I only sleep around 5hours... so Dunno if I am a good benchmark. :)

What is normal for 8 year old?

That actually sounds like an excellent amount of sleep for an 8 year old. People aren't aware of it in our society often, but most kids are actually chronically sleep deprived, which itself can give kids symptoms of ADHD when they don't actually have it. Here's a handy guide: http://www.webmd.com/parenting/guide/sleep-children

So you should pat yourself on the back for meeting your son's needs for sleep here. We struggle with sleep a lot in our house - it is very difficult making sure my 22 month old gets enough sleep, since he has had chronic waking issues since birth that miraculously seem to be clearing up now that we have gone gluten free.

  • Upvote 1

Share this post


Link to post
Share on other sites
MitziG    94

Yeah, that is pretty normal. My 8 yr old needs about 9-10 hrs. If he gets less, look out! He is homeschooled so we don't usually have a strict waking up time unless we have an appt or something. He usually pops out of bed about 9 or 10 hrs after he went there!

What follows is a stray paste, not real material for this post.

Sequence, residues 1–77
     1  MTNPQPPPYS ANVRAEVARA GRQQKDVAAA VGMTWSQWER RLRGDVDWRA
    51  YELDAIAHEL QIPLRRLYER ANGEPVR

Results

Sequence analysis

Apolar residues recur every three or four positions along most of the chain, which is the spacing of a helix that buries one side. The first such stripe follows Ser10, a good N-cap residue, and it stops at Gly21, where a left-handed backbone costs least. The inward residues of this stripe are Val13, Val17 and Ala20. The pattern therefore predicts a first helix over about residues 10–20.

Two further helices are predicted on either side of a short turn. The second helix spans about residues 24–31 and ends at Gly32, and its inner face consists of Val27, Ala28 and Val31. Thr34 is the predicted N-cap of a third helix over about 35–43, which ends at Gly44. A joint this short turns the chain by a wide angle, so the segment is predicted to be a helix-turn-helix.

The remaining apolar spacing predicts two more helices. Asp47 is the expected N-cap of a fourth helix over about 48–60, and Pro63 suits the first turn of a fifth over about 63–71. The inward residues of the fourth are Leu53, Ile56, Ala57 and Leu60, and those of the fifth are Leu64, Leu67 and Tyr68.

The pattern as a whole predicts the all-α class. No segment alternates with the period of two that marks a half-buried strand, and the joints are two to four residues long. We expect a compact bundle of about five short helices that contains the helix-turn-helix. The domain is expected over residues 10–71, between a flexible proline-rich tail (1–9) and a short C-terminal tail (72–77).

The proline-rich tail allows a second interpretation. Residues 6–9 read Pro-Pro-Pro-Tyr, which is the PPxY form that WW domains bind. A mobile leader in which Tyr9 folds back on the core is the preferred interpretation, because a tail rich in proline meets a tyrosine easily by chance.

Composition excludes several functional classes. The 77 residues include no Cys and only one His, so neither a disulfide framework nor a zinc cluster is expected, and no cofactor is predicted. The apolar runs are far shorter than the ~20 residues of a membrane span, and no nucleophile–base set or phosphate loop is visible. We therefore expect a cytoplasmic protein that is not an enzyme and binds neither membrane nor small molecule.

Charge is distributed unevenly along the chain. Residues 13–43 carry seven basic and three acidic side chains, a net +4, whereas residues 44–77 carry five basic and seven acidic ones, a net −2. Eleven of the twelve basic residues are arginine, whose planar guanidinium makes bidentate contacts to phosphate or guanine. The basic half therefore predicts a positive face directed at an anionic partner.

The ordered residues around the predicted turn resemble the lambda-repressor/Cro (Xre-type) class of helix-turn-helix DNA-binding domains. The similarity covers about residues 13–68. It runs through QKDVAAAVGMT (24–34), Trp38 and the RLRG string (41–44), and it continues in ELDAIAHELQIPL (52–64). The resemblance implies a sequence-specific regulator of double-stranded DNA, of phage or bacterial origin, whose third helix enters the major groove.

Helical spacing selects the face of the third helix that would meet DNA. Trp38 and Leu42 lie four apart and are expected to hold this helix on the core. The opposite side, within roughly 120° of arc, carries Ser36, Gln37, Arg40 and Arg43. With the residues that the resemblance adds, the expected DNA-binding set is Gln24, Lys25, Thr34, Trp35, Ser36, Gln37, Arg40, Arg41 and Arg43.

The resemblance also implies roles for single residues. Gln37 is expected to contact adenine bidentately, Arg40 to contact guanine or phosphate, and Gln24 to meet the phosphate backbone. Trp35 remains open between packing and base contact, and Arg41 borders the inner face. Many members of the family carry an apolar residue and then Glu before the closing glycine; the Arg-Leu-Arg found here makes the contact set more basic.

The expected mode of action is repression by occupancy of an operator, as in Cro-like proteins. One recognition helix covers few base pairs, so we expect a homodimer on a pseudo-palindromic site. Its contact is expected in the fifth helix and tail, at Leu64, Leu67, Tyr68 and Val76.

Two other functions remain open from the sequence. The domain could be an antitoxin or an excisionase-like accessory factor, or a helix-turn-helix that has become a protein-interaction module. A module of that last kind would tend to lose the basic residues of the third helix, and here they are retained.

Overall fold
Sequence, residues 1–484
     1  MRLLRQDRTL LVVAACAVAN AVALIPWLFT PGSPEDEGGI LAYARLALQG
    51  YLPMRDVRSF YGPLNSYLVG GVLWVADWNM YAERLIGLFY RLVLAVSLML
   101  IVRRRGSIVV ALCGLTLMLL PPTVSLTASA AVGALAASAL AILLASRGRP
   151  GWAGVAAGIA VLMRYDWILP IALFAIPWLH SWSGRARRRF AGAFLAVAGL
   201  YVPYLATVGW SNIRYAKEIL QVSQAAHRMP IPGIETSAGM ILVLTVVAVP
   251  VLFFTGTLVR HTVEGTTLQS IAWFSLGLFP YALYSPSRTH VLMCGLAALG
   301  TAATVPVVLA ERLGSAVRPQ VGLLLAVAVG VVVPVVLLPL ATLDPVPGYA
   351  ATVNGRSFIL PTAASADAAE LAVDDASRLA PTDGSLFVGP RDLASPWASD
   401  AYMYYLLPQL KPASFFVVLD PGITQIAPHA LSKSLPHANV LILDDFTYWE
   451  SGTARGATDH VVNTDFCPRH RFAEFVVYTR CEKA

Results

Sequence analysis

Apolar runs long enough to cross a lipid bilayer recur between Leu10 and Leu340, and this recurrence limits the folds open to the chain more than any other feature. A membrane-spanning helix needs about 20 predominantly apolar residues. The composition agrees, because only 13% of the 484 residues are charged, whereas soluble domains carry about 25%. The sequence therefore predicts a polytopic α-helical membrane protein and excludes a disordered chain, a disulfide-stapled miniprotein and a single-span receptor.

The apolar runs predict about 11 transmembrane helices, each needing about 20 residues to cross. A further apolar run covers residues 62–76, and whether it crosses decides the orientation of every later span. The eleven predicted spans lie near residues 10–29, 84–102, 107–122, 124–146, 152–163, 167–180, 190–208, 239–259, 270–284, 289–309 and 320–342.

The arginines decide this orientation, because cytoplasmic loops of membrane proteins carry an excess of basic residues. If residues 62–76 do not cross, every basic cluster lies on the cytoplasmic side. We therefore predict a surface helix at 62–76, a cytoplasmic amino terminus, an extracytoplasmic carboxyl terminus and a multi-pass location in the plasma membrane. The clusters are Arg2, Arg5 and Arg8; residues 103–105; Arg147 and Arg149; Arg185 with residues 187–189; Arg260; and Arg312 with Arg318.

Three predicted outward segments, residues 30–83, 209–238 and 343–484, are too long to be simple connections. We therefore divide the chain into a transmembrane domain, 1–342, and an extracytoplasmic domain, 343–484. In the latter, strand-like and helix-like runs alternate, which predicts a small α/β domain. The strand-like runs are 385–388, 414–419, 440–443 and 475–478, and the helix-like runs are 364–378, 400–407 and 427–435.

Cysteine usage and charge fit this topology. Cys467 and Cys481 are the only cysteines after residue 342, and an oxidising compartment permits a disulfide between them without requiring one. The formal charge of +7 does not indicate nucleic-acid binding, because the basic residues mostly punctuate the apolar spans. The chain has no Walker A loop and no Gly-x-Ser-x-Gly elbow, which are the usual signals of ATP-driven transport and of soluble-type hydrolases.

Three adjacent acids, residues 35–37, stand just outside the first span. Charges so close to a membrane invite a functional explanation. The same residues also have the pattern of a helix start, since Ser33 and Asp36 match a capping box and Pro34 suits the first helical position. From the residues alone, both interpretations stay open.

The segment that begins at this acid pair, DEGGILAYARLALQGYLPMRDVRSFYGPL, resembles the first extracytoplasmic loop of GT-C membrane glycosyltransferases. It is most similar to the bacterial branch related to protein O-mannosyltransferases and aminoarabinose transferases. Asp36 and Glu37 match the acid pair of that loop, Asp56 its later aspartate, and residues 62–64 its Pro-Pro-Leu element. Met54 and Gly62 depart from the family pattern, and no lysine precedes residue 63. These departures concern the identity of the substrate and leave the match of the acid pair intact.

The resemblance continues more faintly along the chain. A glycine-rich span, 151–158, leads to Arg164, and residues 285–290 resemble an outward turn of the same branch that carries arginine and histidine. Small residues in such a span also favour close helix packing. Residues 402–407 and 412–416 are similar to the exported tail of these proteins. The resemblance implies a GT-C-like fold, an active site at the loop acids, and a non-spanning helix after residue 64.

Share this post


Link to post
Share on other sites
maximoo    39

sounds right. those other kids in neighborhood aren't sleeping enuf. Wait till the teenage years. Sleeping 12-14 hrs isn't unusual for some teens.

Share this post


Link to post
Share on other sites
Ads by Google:


Mom2J112903    0

VERY typical! My 8yr old is down at 8p and is snoozing by 830p most nights. He goes down at 8p because he starts his feeds at that time. Even before the g-tube, 8p was bedtime because otherwise he is a bear with a sore bumm! Before the tube he was up by 630am and just not a happy camper. Now that he is feeling better, we get at least 7am out of him, but more like 730 before he is awake and HAPPY. He sleeps soooo much better now!

Share this post


Link to post
Share on other sites
Mom-of-Two    7

Actually an 8 year old NEEDS 10-11 hours a night! So you are right on track. :)

My kiddo will be 8 in August and loves her 11 hours. I am a HUGE believer in sleep for kids, it plays such a big role in mood, staying healthy, concentration, etc. and a good routine is a wonderful thing, especially during school months. For school, my daughter is asleep by 8pm and up at 7am. She sleeps a bit later on weekends, and during the summer might stay up closer to 9pm, then sleeps her 11-12 hrs a night!

Don't worry about those neighborhood kids :) they are TIRED the next day!

Share this post


Link to post
Share on other sites


Ads by Google:


kareng    1,992

My boys were in bed by 8:30 and asleep by 8:35. Had to get up about 7 for school. Had the same times for summer, too. This was from about 3 years until 10. Then stayed up half hour longer at 10.

Share this post


Link to post
Share on other sites
Minette    0